From now until the 2021 NFL Draft takes place, we hope to showcase as many prospects as possible and examine both their strengths and weaknesses. Most of these profiles will feature individuals that the Pittsburgh Steelers are likely to have an interest in, while a few others will be top-ranked players. If there is a player you would like us to analyze, let us know in the comments below.
Jaelan Phillips/ EDGE/ Miami (FL) – 6’5, 266lb
-Has played both in a 2-point stance and with his hand in the dirt in a 4 man front on the left side
-Lined up out wide in a 7 and 9 tech, as well as head up the tackle/TE along the front and inside shade of the tackle by the guard
-Good athleticism in terms of speed and explosiveness for the position
-Has good initial burst of the ball with delay on occasion off the snap, but accelerates well up the field as a rusher
-Can redirect fairly quickly when the ball is pitched or on reverses
-Long arms aid in getting a hold of ball carriers while still engaged with blockers
-Does a pretty good job keeping his shoulders square to the LOS coming off of the edge on option runs
-Has the speed and acceleration to pursue downfield on run plays and play chase of the QB off of the edge
-Has the arm length and strength to stack and shed in the run game, getting off blocks to pursue the football
-Does a good job at hitting down blockers’ hands with a swipe or cross chop on inside moves to get penetration quickly against the run
-A true mismatch against TEs with the size and strength to overpower them against the pass and run
-Can dip his shoulder under longer tackles and run the arc on the edge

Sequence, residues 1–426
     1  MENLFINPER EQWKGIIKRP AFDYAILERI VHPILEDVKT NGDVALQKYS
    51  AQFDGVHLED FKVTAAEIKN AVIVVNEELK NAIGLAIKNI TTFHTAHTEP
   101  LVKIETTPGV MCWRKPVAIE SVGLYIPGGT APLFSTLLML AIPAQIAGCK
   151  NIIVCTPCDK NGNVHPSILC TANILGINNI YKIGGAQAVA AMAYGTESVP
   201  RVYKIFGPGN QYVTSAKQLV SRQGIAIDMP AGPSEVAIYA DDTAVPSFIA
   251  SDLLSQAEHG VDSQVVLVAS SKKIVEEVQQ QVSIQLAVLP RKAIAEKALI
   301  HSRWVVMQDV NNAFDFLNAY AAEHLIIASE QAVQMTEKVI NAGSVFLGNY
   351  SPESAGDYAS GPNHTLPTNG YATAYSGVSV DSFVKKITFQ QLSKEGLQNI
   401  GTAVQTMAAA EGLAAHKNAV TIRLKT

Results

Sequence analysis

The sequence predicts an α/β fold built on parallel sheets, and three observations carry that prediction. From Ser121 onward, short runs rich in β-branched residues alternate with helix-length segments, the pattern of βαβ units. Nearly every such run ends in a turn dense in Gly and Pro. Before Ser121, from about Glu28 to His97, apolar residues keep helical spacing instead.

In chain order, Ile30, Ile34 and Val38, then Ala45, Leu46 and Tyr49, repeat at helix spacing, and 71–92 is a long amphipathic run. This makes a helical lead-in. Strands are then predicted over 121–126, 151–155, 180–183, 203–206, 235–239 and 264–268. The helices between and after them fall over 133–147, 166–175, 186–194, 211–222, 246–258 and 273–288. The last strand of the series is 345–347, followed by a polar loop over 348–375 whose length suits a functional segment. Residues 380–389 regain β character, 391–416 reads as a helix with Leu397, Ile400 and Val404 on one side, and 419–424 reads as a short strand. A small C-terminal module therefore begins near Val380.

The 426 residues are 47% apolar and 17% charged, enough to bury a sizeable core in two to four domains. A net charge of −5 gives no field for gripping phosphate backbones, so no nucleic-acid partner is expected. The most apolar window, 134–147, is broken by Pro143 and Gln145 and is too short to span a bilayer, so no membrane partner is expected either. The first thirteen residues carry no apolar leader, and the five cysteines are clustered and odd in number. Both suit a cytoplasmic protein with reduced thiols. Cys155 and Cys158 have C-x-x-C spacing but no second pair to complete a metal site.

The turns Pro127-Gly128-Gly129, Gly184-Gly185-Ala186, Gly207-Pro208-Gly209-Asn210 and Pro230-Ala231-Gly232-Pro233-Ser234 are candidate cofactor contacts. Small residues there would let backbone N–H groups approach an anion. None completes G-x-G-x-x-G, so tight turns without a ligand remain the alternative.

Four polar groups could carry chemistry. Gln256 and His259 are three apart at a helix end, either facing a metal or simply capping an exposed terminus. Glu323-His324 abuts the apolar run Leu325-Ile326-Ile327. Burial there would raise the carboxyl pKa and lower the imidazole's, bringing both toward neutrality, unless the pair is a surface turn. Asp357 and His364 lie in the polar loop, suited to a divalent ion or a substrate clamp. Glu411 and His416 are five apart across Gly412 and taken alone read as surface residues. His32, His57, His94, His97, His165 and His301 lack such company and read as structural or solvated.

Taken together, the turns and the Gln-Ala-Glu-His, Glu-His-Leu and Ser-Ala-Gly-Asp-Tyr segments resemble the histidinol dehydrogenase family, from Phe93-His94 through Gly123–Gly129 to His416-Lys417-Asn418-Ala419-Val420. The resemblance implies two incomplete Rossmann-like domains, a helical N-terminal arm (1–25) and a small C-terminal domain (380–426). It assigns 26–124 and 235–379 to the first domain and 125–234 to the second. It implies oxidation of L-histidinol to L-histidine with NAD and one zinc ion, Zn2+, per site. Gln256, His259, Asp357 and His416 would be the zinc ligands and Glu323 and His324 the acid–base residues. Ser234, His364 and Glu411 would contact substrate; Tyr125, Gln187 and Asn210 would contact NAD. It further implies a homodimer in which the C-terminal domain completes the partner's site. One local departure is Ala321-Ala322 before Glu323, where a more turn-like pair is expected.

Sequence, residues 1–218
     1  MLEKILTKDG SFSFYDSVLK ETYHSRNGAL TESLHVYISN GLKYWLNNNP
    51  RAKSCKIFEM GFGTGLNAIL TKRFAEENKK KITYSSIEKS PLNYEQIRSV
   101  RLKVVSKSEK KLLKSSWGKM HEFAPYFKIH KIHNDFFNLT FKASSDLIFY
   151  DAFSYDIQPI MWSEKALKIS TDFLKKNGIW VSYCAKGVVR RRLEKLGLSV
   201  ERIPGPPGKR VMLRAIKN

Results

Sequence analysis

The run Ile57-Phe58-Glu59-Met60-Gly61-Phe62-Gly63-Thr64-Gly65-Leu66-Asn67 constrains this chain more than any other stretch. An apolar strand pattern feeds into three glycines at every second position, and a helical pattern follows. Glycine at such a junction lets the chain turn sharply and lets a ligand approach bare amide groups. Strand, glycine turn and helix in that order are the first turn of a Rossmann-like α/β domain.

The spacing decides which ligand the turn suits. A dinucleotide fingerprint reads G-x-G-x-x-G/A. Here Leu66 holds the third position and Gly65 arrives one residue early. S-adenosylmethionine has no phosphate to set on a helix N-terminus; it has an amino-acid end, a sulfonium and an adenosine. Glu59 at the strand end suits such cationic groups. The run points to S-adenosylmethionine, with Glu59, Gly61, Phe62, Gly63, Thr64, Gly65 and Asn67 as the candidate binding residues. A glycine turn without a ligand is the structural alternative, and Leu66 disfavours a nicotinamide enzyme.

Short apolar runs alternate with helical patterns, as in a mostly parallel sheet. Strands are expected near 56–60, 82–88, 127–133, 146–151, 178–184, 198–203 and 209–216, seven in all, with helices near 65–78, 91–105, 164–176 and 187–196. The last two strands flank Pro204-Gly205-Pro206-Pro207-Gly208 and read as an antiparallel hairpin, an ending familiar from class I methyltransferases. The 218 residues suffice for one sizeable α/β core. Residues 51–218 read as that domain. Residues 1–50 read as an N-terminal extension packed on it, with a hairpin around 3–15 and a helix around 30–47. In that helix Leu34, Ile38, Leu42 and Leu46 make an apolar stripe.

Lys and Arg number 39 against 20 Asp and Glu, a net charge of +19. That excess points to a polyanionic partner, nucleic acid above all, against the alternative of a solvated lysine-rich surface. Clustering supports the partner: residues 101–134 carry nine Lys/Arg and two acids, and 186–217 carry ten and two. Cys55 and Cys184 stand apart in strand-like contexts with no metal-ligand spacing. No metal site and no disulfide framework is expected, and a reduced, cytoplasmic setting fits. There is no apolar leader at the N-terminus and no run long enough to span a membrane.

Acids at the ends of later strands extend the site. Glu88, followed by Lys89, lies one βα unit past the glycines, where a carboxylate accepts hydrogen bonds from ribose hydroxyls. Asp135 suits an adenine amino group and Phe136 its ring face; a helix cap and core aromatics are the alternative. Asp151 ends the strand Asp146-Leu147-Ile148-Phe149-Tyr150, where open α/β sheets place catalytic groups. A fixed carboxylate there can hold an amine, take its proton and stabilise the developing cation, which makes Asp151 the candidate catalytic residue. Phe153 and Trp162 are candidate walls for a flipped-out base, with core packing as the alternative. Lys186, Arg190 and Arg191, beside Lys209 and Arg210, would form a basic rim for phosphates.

-Likes to utilize the swim move with a slap of the outside hand and then over the inside hand to clear the blocker
-Can hit the dip rip move where he swipes at the blockers hands with outside hand then dips down and rips through with the inside hand to get the corner
-Will loop back inside and run the stunt game with the tackle on his rush, trying to get freed up coming inside or get a matchup with the guard
-Has been asked to drop into coverage in the flats in the past as a standup rusher
-Lacks overall lateral speed and needs to drop hips more to move side to side
-Needs to finish better when he gets to the football, driving his feet on contact rather than looking to throw a ball carrier and arm tackle
-Pad level can get too high at times, allowing him to get pushed off of his spot
-A lot of his production with him working inside as a pass rusher rather than consistently getting the edge
-Can crash too hard inside at times, leading to him giving up outside contain on outside runs
-Can struggle to work off-script when his initial pass rush fails, and he gets locked onto by tackles
-Will expose his torso on swim moves and stunts inside, leaving him susceptible to getting blocked
-Will occasionally come too hard off the edge, leading to the play running right underneath him
-Has a history of injuries and had to give up football for a time due to concussions
-Only 1 true full season of production in college
-Redshirt Junior prospect from Redlands, CA
-Consensus 5-star prospect as a high school recruit
-Played in 6 games as a true freshman for UCLA, totaling 21 total tackles, 7 TFLs, and 3.5 sacks in limited action
-Saw action in 4 games as a sophomore, tallying 20 total tackles, 1 TFL, and 1 sack
-Missed most of his 2 seasons with the Bruins with a plethora of injuries, including severe wrist damage as a result of a moped accident, ankle sprains, and three separate concussions, the last of which forced him to medically retire from football
-Later enrolled at Miami for music production, and then was cleared to return to football for the Hurricanes
-Returned to action after a redshirt in 2019, recording 45 tackles, 15.5 for loss, and 8 sacks along with an INT and 3 pass breakups in 10 games started
-Opted out of the bowl game to prepare for the NFL draft